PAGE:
Among the effects of the worldwide economic downturn was fewer visits to foodservice outlets across the globe, according to The NPD Group, a leading market research company.

NPD reports that the last half of 2008 was particularly weak for global foodservice traffic; largely due to a sharp drop in demand in the fourth quarter.

According to NPD’s CREST, which tracks commercial foodservice usage in France, Germany, Japan, Spain, U.K., Italy, U.S., and Canada, and now China, restaurant traffic counts declined in Japan and across Europe. Italy and Spain had relatively steep traffic declines, and the United States, compared to other countries was relatively resilient and ended the year slightly up from prior year. Canada is an exception to the lackluster year for the global foodservice market. Consumer spending at Canadian restaurants, driven by both traffic and average eater check, grew in 2008.

“While deals and promotions helped drive the small traffic growth at U.S. restaurants in 2008, such value-oriented practices are largely unfamiliar in other countries,” says Bob O’Brien, senior vice president of global foodservice at NPD.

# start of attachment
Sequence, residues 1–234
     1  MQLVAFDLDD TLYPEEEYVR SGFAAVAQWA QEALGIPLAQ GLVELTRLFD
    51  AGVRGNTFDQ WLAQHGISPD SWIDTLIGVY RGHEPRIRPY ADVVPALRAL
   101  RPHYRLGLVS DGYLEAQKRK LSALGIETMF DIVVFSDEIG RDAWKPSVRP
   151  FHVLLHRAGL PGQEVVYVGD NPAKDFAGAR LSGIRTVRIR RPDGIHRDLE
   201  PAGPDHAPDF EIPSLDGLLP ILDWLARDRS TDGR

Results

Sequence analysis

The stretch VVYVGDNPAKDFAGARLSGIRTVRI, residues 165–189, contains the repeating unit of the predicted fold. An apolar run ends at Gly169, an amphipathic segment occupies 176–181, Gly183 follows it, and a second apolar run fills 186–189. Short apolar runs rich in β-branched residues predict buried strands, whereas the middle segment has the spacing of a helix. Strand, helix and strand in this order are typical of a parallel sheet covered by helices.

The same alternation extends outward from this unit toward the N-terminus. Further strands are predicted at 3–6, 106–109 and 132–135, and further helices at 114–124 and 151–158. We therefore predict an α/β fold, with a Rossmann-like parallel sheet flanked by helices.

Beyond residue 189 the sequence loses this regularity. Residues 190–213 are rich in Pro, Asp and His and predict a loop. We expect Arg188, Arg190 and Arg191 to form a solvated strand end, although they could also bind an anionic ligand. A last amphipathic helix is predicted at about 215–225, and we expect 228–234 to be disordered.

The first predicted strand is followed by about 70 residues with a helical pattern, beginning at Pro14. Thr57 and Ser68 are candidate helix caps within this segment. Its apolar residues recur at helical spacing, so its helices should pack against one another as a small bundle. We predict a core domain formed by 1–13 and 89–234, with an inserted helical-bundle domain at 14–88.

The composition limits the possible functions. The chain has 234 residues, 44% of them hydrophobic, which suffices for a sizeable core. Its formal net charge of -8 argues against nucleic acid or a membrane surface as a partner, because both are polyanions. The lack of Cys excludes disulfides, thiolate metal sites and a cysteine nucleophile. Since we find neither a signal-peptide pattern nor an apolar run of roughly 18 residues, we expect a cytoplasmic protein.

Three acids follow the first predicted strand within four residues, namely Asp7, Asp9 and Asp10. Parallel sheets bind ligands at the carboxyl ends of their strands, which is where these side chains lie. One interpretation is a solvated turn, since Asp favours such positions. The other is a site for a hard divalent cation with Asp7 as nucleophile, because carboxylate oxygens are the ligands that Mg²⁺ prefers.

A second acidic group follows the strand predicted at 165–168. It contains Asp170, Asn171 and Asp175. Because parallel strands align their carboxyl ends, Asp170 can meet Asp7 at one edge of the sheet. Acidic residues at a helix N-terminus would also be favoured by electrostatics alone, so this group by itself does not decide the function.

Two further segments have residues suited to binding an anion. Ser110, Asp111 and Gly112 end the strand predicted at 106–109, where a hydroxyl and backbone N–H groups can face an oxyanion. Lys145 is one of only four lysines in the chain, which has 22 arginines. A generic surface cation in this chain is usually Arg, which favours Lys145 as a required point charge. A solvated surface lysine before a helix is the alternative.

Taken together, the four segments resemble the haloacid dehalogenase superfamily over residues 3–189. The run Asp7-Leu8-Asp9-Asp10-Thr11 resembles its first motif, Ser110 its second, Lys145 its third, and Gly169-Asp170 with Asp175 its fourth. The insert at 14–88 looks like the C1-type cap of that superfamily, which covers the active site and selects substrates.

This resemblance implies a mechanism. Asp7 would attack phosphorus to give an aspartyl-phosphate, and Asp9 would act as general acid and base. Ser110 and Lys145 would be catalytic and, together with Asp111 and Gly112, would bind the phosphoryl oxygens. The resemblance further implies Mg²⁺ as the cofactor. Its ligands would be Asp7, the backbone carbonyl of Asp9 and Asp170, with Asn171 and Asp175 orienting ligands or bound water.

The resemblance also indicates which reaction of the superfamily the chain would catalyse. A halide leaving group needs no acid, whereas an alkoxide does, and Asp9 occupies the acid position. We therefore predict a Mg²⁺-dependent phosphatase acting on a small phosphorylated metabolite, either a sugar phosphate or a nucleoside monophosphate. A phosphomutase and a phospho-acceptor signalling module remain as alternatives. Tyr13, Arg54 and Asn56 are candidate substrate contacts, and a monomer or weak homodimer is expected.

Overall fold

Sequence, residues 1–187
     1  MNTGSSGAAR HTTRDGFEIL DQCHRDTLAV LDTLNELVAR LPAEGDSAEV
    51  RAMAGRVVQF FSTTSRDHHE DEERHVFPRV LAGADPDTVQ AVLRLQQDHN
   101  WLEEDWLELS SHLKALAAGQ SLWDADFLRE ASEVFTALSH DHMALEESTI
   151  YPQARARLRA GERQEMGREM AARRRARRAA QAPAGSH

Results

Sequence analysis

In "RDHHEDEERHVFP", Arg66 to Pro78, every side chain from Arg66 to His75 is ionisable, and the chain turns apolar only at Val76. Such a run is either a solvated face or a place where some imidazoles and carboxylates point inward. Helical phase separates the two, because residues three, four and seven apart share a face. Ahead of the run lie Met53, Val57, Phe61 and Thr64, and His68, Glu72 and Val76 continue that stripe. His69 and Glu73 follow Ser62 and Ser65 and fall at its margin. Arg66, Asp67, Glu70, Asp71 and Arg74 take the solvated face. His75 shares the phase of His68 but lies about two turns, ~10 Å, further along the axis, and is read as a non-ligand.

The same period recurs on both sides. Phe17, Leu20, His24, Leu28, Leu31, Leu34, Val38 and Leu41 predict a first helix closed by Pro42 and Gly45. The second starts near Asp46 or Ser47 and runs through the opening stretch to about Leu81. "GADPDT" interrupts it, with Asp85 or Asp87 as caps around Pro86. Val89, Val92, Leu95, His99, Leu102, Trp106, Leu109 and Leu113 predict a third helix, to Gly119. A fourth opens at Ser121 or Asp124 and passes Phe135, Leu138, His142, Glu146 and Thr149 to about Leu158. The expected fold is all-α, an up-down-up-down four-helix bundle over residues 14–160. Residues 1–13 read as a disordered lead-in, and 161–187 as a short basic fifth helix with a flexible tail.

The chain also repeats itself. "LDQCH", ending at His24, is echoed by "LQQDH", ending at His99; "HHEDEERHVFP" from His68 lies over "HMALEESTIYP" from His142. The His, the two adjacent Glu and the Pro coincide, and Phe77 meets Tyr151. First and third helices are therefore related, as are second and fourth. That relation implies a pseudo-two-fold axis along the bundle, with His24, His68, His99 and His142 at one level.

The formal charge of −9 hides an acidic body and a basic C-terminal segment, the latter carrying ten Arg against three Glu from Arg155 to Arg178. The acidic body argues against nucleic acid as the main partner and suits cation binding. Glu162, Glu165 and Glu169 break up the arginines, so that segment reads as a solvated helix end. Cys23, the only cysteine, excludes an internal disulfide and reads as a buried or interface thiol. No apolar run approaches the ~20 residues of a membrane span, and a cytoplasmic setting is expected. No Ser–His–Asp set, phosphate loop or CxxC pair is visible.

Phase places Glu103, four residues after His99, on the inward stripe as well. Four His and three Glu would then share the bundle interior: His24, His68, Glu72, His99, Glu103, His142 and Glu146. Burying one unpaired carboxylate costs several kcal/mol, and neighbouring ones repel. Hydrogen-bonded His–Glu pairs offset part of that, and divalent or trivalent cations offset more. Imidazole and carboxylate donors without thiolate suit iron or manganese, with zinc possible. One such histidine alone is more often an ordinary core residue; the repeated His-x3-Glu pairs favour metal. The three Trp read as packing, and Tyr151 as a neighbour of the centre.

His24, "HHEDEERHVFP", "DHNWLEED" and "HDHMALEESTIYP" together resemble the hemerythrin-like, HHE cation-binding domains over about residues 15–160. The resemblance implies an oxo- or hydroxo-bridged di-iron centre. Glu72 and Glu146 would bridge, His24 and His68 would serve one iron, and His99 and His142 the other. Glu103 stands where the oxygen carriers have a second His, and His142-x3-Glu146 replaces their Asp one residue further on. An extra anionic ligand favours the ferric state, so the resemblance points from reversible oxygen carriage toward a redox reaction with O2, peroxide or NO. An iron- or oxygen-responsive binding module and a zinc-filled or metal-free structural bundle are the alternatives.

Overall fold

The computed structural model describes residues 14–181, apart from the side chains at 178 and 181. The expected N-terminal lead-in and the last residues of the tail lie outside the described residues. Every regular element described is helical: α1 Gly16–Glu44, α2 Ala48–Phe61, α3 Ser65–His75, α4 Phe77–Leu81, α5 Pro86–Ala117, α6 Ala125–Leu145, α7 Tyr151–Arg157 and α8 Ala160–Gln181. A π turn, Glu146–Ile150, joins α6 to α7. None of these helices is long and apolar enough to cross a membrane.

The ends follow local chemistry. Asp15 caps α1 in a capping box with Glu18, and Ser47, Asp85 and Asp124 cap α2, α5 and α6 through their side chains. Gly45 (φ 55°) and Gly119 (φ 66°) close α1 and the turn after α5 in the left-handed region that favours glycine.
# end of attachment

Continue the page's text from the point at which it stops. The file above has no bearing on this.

“Instead, other countries are much more aggressive with product variety as an enticement to visit.”

Broken down by restaurant segments, such as quick-service, full-service, and retail outlets, traffic to quick-service restaurants fared well in most countries, but was strongest in Canada, United Kingdom, France, and Japan where quick service is a small part of the Japanese foodservice market.

“The global foodservice market in 2008 mirrored the economic downturn throughout most parts of the world, but there were positive areas too” says O’Brien. “Foodservice operators and manufacturers need to get organized around the positive areas and have a solid understanding of what will drive growth as we emerge from today’s weaknesses.

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